While Unleashed Academy places dogs around the country, many are in the Pacific Northwest. The plaintiffs range from a Seattle woman with anxiety to a San Francisco Bay Area woman with autism, anxiety and depression. They all brought home the dogs, which cost up to $40,000, and allege they didn’t have the temperament or weren’t trained to be service dogs.
Davies and her lawyer defended the company and the quality of its dog training; she said some people who sued and complained about the company had unrealistic expectations.
“Unfortunately, a lot of people who call us think these are robot dogs, and they’re going to solve their psychiatric problems,” Davies said. “But they can’t.”
Fellows, who lives in Eugene, Ore., eventually won a judgment in small claims court last year for about $10,000, the maximum amount allowed in small claims court.
“Beep was not remotely sufficiently trained, not suited to public access conditions,” a Spokane County Superior Court judge’s order found.
Adam Karp, the Bellingham lawyer who represented Fellows in a small claims case and also filed the class-action complaint alleging fraud, said that based on allegations he’s received, he believes there are more than a dozen people who may have a claim.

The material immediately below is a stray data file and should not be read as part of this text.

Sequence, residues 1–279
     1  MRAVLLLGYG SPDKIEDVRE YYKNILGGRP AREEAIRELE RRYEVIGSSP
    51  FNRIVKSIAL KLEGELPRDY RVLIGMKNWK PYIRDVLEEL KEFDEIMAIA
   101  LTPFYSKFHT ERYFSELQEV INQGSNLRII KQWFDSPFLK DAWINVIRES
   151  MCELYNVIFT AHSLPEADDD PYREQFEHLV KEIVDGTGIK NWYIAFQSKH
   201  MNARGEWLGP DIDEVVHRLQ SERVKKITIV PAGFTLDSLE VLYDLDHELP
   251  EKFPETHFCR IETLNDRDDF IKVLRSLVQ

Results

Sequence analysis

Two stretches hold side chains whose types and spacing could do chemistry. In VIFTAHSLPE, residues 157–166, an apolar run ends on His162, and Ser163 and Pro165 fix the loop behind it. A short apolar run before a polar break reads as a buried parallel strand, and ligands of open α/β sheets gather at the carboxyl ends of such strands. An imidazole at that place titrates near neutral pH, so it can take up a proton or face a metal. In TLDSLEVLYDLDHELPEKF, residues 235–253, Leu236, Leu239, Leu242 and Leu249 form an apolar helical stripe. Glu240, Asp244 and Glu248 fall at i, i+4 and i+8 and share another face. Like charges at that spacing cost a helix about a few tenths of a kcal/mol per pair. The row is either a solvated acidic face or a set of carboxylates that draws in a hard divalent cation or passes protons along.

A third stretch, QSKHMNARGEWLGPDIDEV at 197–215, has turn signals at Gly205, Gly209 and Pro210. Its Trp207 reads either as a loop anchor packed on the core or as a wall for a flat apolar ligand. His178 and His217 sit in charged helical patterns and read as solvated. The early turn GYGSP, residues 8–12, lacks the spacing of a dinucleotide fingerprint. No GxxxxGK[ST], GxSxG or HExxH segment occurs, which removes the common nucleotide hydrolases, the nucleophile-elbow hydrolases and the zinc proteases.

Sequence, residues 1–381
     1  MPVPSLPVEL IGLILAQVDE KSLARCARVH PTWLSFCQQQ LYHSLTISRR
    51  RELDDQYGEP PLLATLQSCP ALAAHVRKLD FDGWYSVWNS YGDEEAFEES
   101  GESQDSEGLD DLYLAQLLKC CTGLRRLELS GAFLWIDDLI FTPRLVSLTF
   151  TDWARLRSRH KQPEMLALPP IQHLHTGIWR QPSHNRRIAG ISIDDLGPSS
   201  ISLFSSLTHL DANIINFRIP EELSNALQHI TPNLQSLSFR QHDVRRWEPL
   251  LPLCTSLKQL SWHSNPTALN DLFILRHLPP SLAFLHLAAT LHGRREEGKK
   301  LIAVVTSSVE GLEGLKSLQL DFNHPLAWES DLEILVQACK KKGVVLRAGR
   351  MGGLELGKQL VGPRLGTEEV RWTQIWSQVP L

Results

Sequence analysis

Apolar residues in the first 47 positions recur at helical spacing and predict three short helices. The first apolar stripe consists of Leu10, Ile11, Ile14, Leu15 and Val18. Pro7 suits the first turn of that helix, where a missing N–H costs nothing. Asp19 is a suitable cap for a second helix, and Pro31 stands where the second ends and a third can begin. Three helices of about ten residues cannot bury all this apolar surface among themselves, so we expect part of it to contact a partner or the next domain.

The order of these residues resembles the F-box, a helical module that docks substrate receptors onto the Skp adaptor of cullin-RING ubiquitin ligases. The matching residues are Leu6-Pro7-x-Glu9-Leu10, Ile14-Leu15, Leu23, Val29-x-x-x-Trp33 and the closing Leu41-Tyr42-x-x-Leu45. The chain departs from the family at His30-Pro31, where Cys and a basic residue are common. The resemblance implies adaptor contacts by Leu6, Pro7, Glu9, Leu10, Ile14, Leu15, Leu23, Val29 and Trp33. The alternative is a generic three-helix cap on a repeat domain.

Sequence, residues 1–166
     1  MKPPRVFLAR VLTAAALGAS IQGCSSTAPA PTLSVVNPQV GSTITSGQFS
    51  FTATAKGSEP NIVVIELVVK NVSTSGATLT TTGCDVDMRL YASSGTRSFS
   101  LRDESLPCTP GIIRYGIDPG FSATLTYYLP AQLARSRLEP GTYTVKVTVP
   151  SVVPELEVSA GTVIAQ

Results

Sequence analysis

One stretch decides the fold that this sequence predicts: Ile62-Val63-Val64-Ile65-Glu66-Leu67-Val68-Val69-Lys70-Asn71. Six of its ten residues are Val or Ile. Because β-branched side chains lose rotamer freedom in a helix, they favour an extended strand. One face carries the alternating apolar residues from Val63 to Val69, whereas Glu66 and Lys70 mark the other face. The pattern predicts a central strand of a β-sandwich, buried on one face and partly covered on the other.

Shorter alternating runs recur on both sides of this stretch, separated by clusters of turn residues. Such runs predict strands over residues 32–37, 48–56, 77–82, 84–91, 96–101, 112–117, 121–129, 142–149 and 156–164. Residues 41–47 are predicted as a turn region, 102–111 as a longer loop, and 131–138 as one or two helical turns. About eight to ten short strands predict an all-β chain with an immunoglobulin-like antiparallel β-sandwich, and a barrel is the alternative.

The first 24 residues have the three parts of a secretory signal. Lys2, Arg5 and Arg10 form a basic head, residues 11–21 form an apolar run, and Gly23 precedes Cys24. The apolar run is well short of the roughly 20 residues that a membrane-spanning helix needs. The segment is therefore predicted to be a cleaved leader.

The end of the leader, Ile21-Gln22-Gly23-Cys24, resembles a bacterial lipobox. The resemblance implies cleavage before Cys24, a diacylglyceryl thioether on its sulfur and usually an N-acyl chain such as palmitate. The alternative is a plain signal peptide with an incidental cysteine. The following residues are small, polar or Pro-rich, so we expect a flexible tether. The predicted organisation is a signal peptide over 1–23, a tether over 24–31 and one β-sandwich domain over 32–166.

“It’s not just a single fluky problem or a difficult client,” Karp said. “It’s apparently a more systemic issue.”
“Let the buyer beware”
To qualify as a service animal under the Americans with Disabilities Act, a dog must be “individually trained to do work or perform tasks for people with disabilities,” which can include everything from pulling a wheelchair to calming a person with post-traumatic stress disorder during an anxiety attack.
But that’s about the extent of federal or state laws on service dog training. People with disabilities have the right to train their own service animals, and there’s no requirement for a professional training program, according to the U.S. Department of Justice. Local governments are also barred from requiring service dog registration.